In Japan, the customer isn’t always just right, he’s divine. Normally, Cashier follows customer’s request to the letter but still gives him the last thing he expected.
It’s commonly said here that “The customer is God,” and that attitude is a big part of why Japanese customer service standards are so high.
For example, Japanese Twitter user @googantaw was recently dining in a restaurant, and, when he was done, asked for a receipt, for personal tax accounting purposes. When you do this, the cashier will ask you who the receipt should be made out to, but @googantaw didn’t want to give his name and simply said “Please don’t write any name.”
In Japanese, that politely-worded request is “Atena wo kakanaide onegaishimasu,” and if you wrote it down it’d look like this:
Respectfully, the cashier abided by @googantaw’s request and left his name off the receipt. But instead, he made it out to…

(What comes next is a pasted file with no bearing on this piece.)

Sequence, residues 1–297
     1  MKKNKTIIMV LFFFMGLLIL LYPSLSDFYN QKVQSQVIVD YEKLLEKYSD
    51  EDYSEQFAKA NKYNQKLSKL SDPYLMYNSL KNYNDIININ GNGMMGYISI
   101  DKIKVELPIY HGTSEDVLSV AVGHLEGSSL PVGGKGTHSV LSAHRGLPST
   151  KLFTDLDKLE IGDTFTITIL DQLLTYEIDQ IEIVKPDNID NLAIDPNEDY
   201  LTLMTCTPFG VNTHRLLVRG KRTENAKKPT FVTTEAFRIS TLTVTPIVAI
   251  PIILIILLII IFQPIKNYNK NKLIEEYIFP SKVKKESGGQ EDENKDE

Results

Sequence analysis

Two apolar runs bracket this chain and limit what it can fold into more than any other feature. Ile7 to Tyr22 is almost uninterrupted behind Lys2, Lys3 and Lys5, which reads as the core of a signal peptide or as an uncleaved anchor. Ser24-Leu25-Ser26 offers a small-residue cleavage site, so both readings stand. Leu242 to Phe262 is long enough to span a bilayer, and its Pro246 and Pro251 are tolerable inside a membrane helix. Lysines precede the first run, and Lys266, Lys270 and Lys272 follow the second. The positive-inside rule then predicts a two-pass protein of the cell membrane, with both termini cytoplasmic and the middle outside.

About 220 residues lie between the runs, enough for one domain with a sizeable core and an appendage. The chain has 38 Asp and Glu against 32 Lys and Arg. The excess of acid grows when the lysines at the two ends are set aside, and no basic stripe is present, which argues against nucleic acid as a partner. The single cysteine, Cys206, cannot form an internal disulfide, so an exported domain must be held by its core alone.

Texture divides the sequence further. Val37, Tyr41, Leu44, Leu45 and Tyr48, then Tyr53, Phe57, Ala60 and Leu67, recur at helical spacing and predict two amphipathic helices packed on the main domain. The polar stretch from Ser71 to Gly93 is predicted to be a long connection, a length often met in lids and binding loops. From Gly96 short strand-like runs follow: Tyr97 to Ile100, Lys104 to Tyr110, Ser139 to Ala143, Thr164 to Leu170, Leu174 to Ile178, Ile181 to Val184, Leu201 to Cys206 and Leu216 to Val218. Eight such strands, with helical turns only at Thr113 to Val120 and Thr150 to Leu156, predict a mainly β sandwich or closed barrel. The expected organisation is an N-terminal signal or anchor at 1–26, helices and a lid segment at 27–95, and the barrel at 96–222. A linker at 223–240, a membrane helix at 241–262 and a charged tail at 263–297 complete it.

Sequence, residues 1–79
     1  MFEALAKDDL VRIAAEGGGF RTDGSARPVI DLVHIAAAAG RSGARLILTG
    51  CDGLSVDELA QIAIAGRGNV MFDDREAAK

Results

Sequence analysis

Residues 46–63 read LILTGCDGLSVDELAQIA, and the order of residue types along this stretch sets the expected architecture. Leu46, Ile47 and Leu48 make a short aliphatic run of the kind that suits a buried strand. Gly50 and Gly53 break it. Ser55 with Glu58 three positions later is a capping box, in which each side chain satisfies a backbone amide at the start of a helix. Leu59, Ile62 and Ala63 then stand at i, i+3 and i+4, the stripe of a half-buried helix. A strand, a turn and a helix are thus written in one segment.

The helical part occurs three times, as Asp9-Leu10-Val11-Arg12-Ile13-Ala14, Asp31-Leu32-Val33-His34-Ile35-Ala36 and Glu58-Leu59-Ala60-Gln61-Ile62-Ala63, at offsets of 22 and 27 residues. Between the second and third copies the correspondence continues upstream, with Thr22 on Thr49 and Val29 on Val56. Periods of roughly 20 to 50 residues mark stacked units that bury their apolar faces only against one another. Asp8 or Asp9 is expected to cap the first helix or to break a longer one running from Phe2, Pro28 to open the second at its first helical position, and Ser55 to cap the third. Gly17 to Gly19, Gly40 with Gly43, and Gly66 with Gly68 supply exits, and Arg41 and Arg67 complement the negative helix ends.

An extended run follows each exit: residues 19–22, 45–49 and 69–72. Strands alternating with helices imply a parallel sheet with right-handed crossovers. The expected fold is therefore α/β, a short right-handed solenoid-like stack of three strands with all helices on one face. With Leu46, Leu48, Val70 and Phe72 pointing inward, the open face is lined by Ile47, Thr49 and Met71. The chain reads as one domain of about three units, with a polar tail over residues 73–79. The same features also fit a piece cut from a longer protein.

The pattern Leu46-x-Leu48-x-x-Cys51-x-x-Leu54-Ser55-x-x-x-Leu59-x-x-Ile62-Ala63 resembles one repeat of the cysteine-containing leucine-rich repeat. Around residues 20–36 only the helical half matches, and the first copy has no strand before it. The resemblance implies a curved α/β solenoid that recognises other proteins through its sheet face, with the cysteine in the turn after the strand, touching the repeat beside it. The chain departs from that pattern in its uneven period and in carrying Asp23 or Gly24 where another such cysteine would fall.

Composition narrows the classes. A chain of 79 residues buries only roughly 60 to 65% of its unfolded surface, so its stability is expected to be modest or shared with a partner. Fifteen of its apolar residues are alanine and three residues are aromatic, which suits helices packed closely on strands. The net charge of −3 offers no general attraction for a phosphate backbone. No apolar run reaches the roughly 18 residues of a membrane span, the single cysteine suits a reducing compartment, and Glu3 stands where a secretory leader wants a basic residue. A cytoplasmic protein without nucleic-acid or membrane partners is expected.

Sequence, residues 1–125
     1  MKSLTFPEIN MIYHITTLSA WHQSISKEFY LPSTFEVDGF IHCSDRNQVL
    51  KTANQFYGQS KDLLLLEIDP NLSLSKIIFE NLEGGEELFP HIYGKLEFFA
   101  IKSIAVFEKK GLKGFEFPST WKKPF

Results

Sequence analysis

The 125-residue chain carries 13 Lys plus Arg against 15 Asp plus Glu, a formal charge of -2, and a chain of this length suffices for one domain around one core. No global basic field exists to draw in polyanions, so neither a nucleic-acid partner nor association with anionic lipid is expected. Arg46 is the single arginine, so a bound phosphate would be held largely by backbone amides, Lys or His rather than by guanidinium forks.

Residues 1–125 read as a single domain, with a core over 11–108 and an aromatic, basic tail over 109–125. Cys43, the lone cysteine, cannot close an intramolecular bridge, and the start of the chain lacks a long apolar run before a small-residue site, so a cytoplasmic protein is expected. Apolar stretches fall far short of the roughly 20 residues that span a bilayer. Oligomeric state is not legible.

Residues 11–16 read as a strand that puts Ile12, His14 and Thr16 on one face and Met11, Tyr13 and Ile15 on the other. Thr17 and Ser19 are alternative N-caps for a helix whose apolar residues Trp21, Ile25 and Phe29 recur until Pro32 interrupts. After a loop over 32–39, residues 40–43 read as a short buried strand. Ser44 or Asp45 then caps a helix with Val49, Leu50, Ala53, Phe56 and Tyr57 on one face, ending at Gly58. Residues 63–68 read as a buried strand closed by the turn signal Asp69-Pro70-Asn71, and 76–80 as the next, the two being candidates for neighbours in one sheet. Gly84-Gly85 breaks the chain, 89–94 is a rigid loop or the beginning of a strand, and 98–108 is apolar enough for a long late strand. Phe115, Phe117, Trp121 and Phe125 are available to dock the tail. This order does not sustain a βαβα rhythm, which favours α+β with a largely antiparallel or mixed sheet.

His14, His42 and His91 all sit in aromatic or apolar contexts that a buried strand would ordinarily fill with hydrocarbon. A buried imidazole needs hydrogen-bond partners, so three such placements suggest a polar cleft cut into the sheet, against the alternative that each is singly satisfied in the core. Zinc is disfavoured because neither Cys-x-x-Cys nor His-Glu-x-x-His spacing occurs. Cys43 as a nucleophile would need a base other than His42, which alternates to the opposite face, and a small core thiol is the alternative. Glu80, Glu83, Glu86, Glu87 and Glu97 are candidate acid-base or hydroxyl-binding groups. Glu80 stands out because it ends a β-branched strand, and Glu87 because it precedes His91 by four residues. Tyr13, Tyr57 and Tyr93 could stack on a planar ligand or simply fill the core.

— ウォンバットさん (@googantaw) October 30, 2018
…Mr. Please Don’t Write my Name (宛名は書かないでお願いします 様）.
“Ummm…definitely wasn’t expecting this,” Tweeted @googantaw, and the laughably literal interpretation of his request had other Twitter users scratching their heads too.
“What were they thinking?”
“Maybe the cashier didn’t appreciate the request, and this was his way of getting back at you?”
But sincerity is far more powerful than snark in shaping social interactions in Japan. Multiple commenters chimed in to defend the cashier from allegations of passive aggressiveness by pointing out that many businesses don’t allow their employees to leave the customer name line blank when making out a receipt. The cashier at the restaurant @googantaw probably had to write something down, and simply went with the exact words that had been spoken in response to his question of who to make it out to. One commenter even shared a snapshot commemorating a similar experience he’d had:
Receipt made out to Mr. Kuhaku (空白), or “Mr. Blank.”
— カマタミサキ (@mac_kerel_) November 1, 2018
Sure, it’s a silly solution, but when you’re stuck between a customer craving privacy and a company policy demanding you fill in the blanks, you take whatever option you have.
Source: Twitter/@googantaw via Jin
Featured image: Twitter/@googantaw